Now we return to our Waukegan Trip. The Haines Museum in Bowen Park opened and we got to tour it. It’s operated by the Waukegan Historical Society. This home was originally built as a one room cabin to go with the farm that is now Bowen Park. Over the years with various owners it was added onto it until it because the Victorian home you see now.
Mayor Hull of Chicago and his family lived there as their summer home until the great fire then lived there full time. I learned that back then there were yearly elections for mayor. CAN YOU IMAGINE YEARLY ELECTIONS? Always being bombarded by the campaign trail, all the calls from the various parties and interests groups. The constant ads… it’d never end. The mayor would never be a leader but a figure head and it’d open up for another machine that stayed in tact to actually run the city. Oh wait… that’s what happened in the Chicago Political Machine.
Okay back to the house, it’s restored to its Victorian period to go with the architecture. It was the center of the Bowen Country Club. Here is where the children would be taught the ways of society. It was thought part of the barrier of improving oneself was not understanding the societal norms of table manners, dances, polite conversation, etc. I think honestly some that still holds true today knowing how to behave in the boardroom as well as the local bar is key to advancement. Today there is a room dedicated to the club and those kids it helped in so many ways not just the social graces classes in the house.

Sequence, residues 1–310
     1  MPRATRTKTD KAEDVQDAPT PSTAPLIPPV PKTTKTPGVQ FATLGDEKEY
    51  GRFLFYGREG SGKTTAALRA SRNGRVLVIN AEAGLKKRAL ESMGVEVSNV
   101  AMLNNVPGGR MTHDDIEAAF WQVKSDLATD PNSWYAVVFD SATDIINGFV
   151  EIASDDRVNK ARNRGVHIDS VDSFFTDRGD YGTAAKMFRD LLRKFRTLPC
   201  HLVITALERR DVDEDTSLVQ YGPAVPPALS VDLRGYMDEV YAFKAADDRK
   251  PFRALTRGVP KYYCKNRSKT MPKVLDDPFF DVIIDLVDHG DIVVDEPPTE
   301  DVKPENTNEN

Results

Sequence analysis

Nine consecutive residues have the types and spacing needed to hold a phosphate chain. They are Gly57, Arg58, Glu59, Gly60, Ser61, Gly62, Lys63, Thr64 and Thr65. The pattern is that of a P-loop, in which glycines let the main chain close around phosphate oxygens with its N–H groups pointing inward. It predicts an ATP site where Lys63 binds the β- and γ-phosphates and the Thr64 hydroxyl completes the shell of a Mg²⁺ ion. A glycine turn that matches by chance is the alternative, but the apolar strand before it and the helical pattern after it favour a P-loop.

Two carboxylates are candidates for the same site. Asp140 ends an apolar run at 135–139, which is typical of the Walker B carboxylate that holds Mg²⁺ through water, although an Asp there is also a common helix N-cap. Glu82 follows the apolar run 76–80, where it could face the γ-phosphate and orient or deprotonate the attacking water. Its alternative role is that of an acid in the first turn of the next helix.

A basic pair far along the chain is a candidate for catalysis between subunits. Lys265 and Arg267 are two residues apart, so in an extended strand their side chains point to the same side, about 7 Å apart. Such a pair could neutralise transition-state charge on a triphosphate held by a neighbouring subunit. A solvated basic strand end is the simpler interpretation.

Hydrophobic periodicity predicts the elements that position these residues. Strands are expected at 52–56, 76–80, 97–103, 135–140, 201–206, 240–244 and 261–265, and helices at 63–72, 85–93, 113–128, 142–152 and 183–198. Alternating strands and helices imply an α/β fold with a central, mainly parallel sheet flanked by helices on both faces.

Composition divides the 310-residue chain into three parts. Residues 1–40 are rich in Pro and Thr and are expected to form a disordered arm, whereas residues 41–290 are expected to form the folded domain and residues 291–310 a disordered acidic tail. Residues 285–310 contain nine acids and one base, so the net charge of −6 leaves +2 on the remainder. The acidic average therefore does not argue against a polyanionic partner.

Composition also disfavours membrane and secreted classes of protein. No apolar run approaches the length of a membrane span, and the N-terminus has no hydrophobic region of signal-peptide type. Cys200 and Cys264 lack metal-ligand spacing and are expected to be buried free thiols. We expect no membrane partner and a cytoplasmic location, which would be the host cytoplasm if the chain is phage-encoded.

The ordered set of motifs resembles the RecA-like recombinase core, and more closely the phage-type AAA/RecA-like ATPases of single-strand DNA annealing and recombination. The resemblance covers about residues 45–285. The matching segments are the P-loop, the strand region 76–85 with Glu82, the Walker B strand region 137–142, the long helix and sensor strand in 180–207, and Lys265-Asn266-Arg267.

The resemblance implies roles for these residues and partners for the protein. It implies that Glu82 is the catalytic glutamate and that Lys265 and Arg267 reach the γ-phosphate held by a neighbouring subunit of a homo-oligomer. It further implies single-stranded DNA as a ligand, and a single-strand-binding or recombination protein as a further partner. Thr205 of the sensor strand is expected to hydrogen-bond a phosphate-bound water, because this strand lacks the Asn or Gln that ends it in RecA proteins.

None of the items in the house are from the original owners. They are from the correct time period and exemplify the types of things the home would have contained in this 1870s time period. The last addition was the red parlor, a more formal parlor, and the master bedroom. The master bedroom now contains a bed and settee set that Abraham Lincoln used during his visit to Waukegan. The room is dedicated to him.
There were exhibits to the Waukegan area residents Alfred Gustafson and James Elsbury who died on the Titantic. There was an exhibit honoring Waukegan son Jack Benny, which explained why there was a Jack Benny art center (where the unhelpful lady was). There was also a time line of Waukegan events including when their town got curb side recycling! YAY! From there I’ve added the Genesee Theater as a place I want to visit for a photo post.
Also I noticed that all their doors were painted red. I had to get photos of each one to add to my red door collection! Heck some day I might make a poster of doors to sanctuary – all red doors I’ve photographed. I have to say of all the doors my favorite one on the Haines Museum was the servant’s door with the aged screen. Some doors to sanctuary aren’t ornate but are well used.
Enough explaining – now for the photos.
Okay that’s MORE than enough here. Please if you are as interested in restored homes as I am click any of the images here to jump over to my Flickr account and see many more displays and details from the museum.